What is the role of atezolizumab (Tecentriq) in the treatment of metastatic bladder cancer?

Updated: Feb 23, 2021
  • Author: Kara N Babaian, MD, FACS; Chief Editor: Bradley Fields Schwartz, DO, FACS  more...
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Answer

Atezolizumab (Tecentriq) is the first PD-L1 inhibitor approved for the treatment of urothelial carcinoma. In May 2016, the US Food and Drug Administration (FDA) granted accelerated approval of atezolizumab for locally advanced or metastatic urothelial carcinoma in patients who have disease progression during or following platinum-containing chemotherapy, or disease progression within 12 months of neoadjuvant or adjuvant treatment with platinum-containing chemotherapy. [134] In April 2017, atezolizumab’s indication was expanded to include use as initial treatment of locally advanced or metastatic urothelial carcinoma in patients who are not eligible for cisplatin chemotherapy.

Approval of atezolizumab was based on the phase II IMvigor 210 trial (n=310), an open-label, multicenter, single-arm study with two cohorts. In the previously treated patients (cohort 2), the objective response rate (ORR) was 26% for the subgroup with the highest positivity for PD-L1, 18% for the subgroup with lower positivity, and 15% for all patients. Median overall survival was 7.9 months for all patients, 11.4 months for the highest-positivity subgroup, and 6.7 months for the lowest-positivity subgroup. Twelve-month overall survival was 36% for all patients, 48% for the high group, and 30% for the low group. [134]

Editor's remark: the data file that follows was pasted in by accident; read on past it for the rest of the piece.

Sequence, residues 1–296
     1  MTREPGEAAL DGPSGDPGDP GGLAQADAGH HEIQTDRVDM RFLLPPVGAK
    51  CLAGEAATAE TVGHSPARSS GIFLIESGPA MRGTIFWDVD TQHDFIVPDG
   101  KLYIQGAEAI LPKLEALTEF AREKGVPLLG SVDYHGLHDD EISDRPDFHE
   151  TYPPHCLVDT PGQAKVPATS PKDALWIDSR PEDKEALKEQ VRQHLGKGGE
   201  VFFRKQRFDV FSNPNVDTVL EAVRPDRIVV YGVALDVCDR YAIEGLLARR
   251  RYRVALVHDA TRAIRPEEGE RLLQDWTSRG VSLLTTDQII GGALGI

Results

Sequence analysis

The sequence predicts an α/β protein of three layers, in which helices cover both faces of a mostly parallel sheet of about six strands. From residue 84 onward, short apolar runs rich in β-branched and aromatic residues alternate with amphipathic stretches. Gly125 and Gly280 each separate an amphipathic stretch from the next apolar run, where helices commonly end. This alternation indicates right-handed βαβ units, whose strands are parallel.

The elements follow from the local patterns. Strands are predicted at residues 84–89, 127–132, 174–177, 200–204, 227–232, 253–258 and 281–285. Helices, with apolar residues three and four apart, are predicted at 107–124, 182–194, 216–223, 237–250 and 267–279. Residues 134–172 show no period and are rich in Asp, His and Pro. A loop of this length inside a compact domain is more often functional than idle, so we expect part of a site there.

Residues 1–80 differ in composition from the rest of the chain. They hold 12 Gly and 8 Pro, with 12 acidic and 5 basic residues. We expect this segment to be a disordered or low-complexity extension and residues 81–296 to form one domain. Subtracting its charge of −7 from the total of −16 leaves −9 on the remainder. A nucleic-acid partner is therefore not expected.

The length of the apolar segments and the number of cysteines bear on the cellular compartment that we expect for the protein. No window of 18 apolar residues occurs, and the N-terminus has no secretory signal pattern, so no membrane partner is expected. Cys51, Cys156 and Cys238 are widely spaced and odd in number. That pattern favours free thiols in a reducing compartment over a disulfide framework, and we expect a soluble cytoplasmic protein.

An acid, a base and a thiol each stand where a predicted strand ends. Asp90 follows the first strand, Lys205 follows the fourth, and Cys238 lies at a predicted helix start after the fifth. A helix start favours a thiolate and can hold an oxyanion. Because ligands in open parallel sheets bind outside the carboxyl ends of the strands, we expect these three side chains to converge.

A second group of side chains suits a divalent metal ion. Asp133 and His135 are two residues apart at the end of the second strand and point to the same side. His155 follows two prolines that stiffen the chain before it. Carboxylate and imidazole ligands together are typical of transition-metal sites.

In the treatment-naive patients (cohort 1), the ORR was 23.5%. Complete responses were seen in 6.7%, and partial responses were seen in 16.8%. [135]

The FDA has also approved a complementary diagnostic, the Ventana PD-L1 (SP142) assay, which can detect PD-L1 protein expression levels on tumor-infiltrating immune cells and help physicians determine which patients may derive the most benefit from treatment with atezolizumab.

In IMvigor 211, a confirmatory phase III study that compared atezolizumab with chemotherapy in patients whose bladder cancer had progressed on at least one prior platinum-containing regimen, overall survival was numerically, but not significantly, longer in the atezolizumab group than in the chemotherapy group (median 15.9 vs 8.3 months, respectively). However, the safety profile of atezolizumab was superior to that of chemotherapy, with lower rates of grade 3-4 treatment-related adverse events (20% vs 43%), and of adverse events leading to treatment discontinuation (7% vs 18%). [136]


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